The following are the grounds on which Board may refuse registration of transfer:

1. If partly paid-up shares are being transferred and transferee is known to be financially incapable of paying balance calls.

2. If partly paid-up shares are being transferred to a minor incapable of entering into a contract.

3. In case due call money has not been paid by the transferor.

4. When the transferor is a debtor of the company and the company has a lien on such shares.

5. If instrument is incomplete, irregular and defective and not properly stamped.

6. On other reasons just and equitable and are in the general interest of the company.

Such refusal must be conveyed in writing to the transferor and the transferee within two months of the date on which the instrument was deposited with the company giving reasons for refusal.

Remedy against Refusal to Transfer

The transferor or transferee are entitled to appeal to the National Company Law Tribunal against any refusal of the company to register the transfer or against any failure on its part within the period of two months either to register the transfer or to send notices of its refusal to register the same. An appeal herein shall be made within two months of the receipt of the notice of such refusal or in case no notice has been sent by the company then within four months from the date on which the instrument of transfer or the intimation of transmission, as the case may be, was delivered to the company.

The National Company Law Tribunal while dealing with the cases of appeal preferred to it may after hearing the parties either dismiss the appeal or reject the application or by order direct that the transfer be registered by the company and the company shall be required to comply with such order within 10 days of its receipt. The National Company Law Tribunal may also direct the company to pay damages, if any, sustained by the aggrieved person.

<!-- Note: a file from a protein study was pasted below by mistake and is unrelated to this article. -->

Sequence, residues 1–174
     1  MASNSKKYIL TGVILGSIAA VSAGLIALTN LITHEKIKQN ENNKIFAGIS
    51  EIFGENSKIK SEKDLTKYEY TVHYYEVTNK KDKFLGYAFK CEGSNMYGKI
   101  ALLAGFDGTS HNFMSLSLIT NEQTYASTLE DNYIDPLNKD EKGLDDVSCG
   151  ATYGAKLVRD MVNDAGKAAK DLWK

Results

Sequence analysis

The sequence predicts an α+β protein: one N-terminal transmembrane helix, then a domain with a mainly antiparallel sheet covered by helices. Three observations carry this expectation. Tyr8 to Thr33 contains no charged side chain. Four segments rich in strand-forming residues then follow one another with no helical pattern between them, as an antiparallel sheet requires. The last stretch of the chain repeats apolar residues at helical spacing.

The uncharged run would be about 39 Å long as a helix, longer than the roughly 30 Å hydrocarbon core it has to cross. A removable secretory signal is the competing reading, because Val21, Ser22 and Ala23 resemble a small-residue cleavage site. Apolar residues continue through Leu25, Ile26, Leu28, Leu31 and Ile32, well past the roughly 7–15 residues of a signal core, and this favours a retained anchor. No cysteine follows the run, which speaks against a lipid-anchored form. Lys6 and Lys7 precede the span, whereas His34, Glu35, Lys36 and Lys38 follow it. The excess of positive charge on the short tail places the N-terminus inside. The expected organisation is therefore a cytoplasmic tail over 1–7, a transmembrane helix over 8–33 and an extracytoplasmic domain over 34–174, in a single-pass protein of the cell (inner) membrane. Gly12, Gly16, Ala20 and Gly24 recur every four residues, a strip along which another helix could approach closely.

The section empowers the National Company Law Tribunal at its discretion to make such interim orders including orders as to injunction or stay, as it may deem fit and just, such orders as to costs as it thinks fit and incidental or consequential orders regarding payment of dividend or the allotment of bonus or right shares. The National Company Law Tribunal may on any application under this section decide not only the question of title of any person but also any question which is necessary or expedient to be decided in connection with the application for rectification.

If default is made in giving effect to the orders of the National Company Law Tribunal under this section, the company and every officer of the company who is in default shall be punishable with fine which may extend to Rs.10,000 and with a further fine which may extend to Rs.1,000 for every day after the first day if such default continues. In addition, where the default is made in complying with any provisions of Sec. 111, the company and every officer of the company who is in default shall be punishable with fine which may extend to Rs.500 for every day during which the default continues.

In the matter of a private company, it may be stated that though by its very definition under section 3(1)(iii), a private company restricts transfer of its shares the right conferred is only to the extent of enforcing restrictions contained in the Articles of Association and not on any other grounds.

References:

  1. Investment Management
  2. Business Law